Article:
You need a lot more than book learning to become a successful poker player. Personal characteristics, integrity, strength of purpose, resiliency, willfulness and dedication are all ladled into this stew. As in almost every other human endeavor, talent is nice to have, but character and the ability to stick with it count too.
Where to get the books: A buyer's guide
You can purchase many of the books we mention in this section at the major chain bookstores, but there are other sources that specialize in poker and gaming books:
ConJeICo: In addition to publishing books, ConJeICo is also an e-based retail business located at www.conjelco.com. ConJeICo has a complete catalog 6f more than 100 boots, software, «id videos devoted to gaming. The Web site also houses detailed analyses of past World Series of Poker results and a lot of other information most poker players find fascinating. If you are not yet on the Internet, you can write ConJeICo at 1323 Radcliff Drive, Pittsburgh, PA 15237-2382 or phone 1412-492-9210.
v0 The Gambler's Bookshop, located at 630 South 11* Street, Las Vegas, NV 89101, will send you a free, 72-page catalog if you call them at 1 800-522-1777. They've been around since 1964, and are probably the oldest and the biggest bookstore devoted to gaming literature. Check them out on the
u* Card Player Magazine and Poker Digest both do a booming business in book sales, and almost alt of the books we discuss can be purchased there too.
Card Player is located at 3140 S. Polaris Avenue, Suite 8, Las Vegas, NV 89102, , and their phone number is 702-871-1720. You can also reach them online at
Poker Digest is located at 1455 E. Tropicana Avenue, #300, Las Vegas, NV 89119; phone 702-740-2273. Their online address is
www.po ke rd igest.c om.
At their Web sites, you'll also find links to other poker information, listings of tournaments and other upcoming events in the world of poker, and afford yourself an opportunity to read an abbreviated version of the magazines online.
Here are ten keys to success that hold just as true for life itself as they do for poker.
v* Know thyself: An outrageous table image works for some people but not others. Some players are better suited to cash games, others to tournaments. Know yourself. Do what you do well.
V Be responsible: What you achieve is the product of your own play. If you can't hold yourself accountable for the results you achieve, you won't succeed.
Think: Do your homework. Keep up with the current literature. Think about the game at the table and away from it. Analyze and modify your game. Repeat as needed.
I, Plan: What is your goal as a poker player? Do you want to have fun and just break even? Do you want to be a top tournament player? Be the best $ 15-130 player in town? If you don't have a plan of your own, you are most assuredly part of someone else's!
V Set deadlines: If your goal is to play 30 hours per week, then do it. If you want to read the latest poker book, then set a deadline and do that, too. A plan without a timetable is just so much wishful thinking.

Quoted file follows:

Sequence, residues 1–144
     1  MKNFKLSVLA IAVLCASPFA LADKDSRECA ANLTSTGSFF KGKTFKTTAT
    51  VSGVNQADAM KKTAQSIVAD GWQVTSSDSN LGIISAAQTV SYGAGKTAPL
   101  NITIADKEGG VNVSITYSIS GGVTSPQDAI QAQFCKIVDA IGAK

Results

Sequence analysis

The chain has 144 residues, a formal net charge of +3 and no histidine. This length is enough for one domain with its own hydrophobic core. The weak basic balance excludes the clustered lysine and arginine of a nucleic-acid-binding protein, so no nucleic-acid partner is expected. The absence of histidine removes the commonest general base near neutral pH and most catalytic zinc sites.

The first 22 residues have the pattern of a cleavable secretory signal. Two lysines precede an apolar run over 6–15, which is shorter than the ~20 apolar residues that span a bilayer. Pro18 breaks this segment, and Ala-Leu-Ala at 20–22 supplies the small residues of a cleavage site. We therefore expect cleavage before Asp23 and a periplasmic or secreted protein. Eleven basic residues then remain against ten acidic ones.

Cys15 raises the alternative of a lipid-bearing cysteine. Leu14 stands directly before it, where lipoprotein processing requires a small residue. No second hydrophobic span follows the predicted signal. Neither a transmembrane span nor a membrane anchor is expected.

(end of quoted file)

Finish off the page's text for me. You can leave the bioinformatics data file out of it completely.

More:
t* Be realistic: Set challenging but reachable goals. Keep trying. But don't expect to win the World Series of Poker next year if you've never before played no-limit poker.
V Expect difficulties: You'll succumb to all your flaws as a poker player while you're learning. Each top-notch player struggled to reach the level of success he or she has achieved. You're going to have to do the same.
w Build on small accomplishments: If you study hard, put what you read into practice, and integrate sound strategy into your own style of play, you'll improve. Success builds upon itself. Ignore small setbacks. If you play poorly, correct it next time. Focus on achievement. Taking the worst of it on a hunch, or simply for the fun of it, is nothing more than premeditated backsliding. Do it and you have only yourself to blame.
Persist: You must sustain. Ninety percent of success is just showing up. Keep playing, practicing, and building on small victories.
J^* Have fun: Enjoy yourself. While there are lots of bitter pills that we all have to swallow in life, we ought to enjoy what we choose to do. If you can't enjoy yourself when you play, you might want to think about other outlets for your time and money.
Poker legend Puggy Pearson is one of poker's most endearing personalities. Never one to refuse a gamble, Pearson has a long-standing offer to play anyone, at any game, for real money. And, he puts it "in writing."
Emblazoned on the side of Puggy's giant motorcruiser, which he frequently drives on road trips across the country, the former world poker champion has stenciled a catchy proposal that has most certainly turned a few heads along American highways:
For any amount—that I can count
Ifs orrty when you get up close to the side of the bus and see in tiny letters underneath that you see the fine print:
"Gambling is just like running a business," Puggy says. "If I'm going to take a gamble, I want to make sure I have the best of it"
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